A Book Review of My Shadow Is Pink
My Shadow Is Pink is appropriate for young children ages 3 - 8. It is written in rhyme with bright, fun illustrations that visually represent the concepts clearly. The main character is a young boy who does not fit in with the masculine norm of the men in his family who have blue shadows. His shadow is pink.
"My shadow loves ponies and books and pink toys, princesses, fairies and things not for boys."
The one thing his shadow likes most is wearing dresses and dancing around. Spinning, sparkling and twirling. Certainly not what society or his family expects of a boy.
The author/illustrator, Scott Stewart, explores the emotional journey of a boy experiencing gender dysphoria. He highlights the struggles of feeling different and not fitting in with others in your gender. The story illustrates the father's emotional journey alongside his son. The distress of the boy and the parent working through this process are clearly displayed. As the boy experiences sadness and confusion, the shadow is depicted almost as a separate entity. The pink shadow is totally happy being pink and free to love what he loves. If only we could feel that free in expressing our authentic selves!
Throughout the story, the boy notices the reactions of his father when he does what his shadow loves most. The looks of disapproval and concern have a strong impact on the boy's acceptance of himself. The father reassures the boy (and himself) that it is just a phase and he will grow out of it.
When the time comes to start school, a whole new level of concern arises. He will be showing his authentic self to others outside of his home. This is scary for the boy and the Dad as they do not know how others will react to him. The students are instructed to dress up in their favorite thing for the first day. When the boy arrives in the classroom in a dress, his feeling of being different and not fitting in are staring him in the face, along with all of the kids. His intense feelings are then on display as he runs out of the classroom to his house and rips off the dress. He makes the realization that if his shadow was blue, he'd be making friends and being included like the others.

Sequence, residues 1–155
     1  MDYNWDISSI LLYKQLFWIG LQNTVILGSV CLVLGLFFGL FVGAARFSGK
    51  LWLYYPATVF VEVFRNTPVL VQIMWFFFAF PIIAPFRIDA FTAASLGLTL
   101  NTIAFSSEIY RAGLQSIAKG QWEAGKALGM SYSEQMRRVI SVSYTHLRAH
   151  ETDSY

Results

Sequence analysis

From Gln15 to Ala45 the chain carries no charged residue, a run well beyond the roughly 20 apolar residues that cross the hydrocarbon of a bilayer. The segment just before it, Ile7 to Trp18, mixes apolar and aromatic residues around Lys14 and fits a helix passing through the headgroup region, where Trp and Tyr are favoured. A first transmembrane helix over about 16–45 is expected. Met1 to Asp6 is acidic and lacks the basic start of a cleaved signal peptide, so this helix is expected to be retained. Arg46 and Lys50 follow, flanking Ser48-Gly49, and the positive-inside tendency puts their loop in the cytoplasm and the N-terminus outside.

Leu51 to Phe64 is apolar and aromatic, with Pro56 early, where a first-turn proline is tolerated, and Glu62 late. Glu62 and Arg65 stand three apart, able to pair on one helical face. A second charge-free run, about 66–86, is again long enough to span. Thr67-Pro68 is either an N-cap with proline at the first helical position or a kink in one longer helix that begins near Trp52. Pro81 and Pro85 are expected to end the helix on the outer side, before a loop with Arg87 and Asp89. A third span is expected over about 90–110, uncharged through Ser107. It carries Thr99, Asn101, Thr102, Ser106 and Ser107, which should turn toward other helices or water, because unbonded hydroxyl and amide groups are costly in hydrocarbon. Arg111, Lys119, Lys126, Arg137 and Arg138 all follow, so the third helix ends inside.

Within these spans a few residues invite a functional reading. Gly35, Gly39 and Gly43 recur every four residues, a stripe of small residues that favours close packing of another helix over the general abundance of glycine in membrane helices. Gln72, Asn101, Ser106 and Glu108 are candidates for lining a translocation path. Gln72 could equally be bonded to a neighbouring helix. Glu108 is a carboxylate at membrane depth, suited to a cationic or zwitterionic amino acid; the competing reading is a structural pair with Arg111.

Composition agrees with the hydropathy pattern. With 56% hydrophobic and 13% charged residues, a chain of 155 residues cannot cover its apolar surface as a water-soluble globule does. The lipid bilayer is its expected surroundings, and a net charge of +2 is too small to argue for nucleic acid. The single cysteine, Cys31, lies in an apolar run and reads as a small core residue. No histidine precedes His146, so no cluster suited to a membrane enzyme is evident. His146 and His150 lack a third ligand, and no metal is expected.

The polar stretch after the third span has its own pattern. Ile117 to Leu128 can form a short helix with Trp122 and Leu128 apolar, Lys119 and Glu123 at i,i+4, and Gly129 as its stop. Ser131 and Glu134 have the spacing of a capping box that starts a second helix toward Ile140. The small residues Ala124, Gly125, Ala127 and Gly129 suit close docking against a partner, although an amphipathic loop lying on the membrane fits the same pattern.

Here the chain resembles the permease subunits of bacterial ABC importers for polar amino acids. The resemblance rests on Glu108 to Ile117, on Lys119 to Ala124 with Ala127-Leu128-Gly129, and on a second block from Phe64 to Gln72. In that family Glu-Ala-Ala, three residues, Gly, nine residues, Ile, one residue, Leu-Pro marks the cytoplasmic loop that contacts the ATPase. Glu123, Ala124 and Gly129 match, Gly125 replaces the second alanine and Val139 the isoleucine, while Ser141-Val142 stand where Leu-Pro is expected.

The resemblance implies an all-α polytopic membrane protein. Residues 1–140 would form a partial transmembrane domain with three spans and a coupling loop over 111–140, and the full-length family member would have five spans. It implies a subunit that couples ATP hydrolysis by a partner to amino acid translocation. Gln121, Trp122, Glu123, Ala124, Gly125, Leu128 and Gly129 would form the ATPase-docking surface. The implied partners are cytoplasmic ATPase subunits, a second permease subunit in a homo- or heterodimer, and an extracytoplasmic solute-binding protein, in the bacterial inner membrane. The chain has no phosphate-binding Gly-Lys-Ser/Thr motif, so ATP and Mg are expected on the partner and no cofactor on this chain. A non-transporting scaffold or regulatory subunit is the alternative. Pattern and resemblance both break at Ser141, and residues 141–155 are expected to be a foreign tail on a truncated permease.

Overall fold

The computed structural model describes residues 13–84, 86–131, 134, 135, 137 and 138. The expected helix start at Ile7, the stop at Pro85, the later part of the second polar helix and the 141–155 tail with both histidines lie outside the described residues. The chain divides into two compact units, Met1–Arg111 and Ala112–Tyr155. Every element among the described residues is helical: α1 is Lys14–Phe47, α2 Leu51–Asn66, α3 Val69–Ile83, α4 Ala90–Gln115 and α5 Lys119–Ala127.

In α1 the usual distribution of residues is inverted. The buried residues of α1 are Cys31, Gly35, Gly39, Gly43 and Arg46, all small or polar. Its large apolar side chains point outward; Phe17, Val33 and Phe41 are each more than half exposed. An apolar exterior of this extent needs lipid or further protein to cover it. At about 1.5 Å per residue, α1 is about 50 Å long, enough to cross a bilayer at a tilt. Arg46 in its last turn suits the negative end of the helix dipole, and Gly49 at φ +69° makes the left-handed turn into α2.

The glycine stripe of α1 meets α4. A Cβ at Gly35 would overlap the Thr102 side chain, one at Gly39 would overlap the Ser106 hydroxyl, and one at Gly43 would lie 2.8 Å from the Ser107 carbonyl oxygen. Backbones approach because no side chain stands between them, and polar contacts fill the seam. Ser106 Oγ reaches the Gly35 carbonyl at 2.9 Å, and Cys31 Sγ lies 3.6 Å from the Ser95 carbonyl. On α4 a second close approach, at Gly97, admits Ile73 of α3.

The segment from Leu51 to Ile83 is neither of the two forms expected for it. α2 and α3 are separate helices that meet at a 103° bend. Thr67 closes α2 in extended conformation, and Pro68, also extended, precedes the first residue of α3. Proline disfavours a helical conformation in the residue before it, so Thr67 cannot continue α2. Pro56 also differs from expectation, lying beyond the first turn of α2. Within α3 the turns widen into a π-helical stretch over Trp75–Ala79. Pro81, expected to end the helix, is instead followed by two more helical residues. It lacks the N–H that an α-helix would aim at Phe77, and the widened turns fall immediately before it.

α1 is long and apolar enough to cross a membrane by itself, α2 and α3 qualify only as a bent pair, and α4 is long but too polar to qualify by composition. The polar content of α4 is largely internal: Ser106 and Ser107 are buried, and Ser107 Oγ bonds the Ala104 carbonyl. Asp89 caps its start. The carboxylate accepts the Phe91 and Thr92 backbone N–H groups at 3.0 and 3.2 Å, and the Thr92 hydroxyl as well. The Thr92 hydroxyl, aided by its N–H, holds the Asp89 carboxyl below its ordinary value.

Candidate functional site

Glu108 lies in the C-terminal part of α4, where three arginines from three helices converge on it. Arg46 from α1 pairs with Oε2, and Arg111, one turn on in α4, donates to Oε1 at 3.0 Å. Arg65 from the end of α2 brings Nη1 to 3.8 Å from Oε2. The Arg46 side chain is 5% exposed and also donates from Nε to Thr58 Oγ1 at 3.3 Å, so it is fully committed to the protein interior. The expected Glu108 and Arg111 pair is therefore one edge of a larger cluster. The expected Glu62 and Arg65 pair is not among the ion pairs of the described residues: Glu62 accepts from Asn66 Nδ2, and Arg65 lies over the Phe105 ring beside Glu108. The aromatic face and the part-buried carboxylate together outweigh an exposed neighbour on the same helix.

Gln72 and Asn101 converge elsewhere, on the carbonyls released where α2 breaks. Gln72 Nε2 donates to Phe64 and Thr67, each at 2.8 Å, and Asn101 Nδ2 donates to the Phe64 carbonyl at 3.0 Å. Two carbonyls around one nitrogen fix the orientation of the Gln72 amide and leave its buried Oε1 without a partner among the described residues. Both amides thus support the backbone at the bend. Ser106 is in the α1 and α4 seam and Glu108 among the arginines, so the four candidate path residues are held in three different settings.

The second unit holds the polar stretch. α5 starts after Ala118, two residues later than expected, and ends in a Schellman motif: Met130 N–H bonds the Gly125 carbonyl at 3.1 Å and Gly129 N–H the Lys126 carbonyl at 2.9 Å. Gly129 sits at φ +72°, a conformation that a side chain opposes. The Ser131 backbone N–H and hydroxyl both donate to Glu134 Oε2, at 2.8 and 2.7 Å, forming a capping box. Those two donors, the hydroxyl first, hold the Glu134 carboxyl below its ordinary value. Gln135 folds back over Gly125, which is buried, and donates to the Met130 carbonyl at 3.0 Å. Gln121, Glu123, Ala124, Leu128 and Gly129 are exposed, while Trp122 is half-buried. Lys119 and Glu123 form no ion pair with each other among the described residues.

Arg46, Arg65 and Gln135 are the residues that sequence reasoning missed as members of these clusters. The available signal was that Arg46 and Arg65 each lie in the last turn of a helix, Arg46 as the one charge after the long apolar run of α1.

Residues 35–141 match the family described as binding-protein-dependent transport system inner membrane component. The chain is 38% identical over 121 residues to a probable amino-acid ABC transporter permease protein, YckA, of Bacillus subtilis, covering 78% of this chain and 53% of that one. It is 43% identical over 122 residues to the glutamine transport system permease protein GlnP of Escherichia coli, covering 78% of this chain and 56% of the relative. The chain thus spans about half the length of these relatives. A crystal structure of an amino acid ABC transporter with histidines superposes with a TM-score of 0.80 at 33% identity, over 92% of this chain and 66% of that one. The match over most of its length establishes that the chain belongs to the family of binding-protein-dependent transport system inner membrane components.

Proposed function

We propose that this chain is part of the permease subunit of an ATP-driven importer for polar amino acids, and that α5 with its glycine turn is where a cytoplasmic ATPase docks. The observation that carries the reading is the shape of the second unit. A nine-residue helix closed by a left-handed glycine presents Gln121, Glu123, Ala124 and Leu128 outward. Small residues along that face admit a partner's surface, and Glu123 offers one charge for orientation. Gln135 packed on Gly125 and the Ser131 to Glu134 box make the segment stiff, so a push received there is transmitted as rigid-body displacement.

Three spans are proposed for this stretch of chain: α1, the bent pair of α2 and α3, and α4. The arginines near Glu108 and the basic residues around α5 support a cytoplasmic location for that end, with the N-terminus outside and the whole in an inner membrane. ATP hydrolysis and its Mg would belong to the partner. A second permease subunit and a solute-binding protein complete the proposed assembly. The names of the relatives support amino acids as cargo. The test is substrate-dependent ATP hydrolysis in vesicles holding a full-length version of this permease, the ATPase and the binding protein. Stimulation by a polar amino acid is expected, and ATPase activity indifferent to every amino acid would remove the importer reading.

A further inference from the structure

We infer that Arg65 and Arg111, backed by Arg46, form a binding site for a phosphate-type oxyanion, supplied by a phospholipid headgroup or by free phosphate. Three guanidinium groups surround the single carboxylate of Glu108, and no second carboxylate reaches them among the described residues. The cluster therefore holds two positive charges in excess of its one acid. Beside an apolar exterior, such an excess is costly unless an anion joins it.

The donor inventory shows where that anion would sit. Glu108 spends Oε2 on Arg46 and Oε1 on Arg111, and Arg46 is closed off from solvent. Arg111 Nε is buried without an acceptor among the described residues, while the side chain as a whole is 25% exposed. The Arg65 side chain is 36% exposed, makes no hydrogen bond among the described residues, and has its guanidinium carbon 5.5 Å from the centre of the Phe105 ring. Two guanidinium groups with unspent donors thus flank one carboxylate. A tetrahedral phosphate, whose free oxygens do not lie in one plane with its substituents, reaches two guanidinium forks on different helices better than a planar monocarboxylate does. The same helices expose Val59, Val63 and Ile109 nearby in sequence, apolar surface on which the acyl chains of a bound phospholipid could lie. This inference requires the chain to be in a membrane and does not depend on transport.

After witnessing his son's emotional response and the persistence of his gender expression, the dad realizes the importance of supporting him. He tells his son that his shadow is who he is deep down and that he should embrace it. They walk back to school together with the boy having the knowledge that his dad has his back. After feeling the acceptance from his father, the boy was better able to accept himself. This left him more open to be accepted by his peers and provided him more strength to cope with the negative reactions. The book makes clear that the journey of the parent, and eventual acceptance, makes all the difference for the boy.
Decisions around gender questioning and dysmorphia at a young age are challenging for parents. Should they let their little boy wear a dress or nail polish in public, knowing they will be ridiculed and bullied? As difficult as it can be, it is crucial to accept the child's identity and listen to their feelings. Research shows that 50% of children who question their gender identity at a young age go on to become transgender and 50% don't. The more persistent, insistent and consistent the child is over time with their gender expression, the more likely it will be true for them in the long term. At this young age, there is no need to do anything permanent such as legal name changes, but acceptance is key.
-Using their child's preferred pronouns or name
-Allowing them to dress and have their hair as they prefer
-Allowing them to follow their interests in toys and activities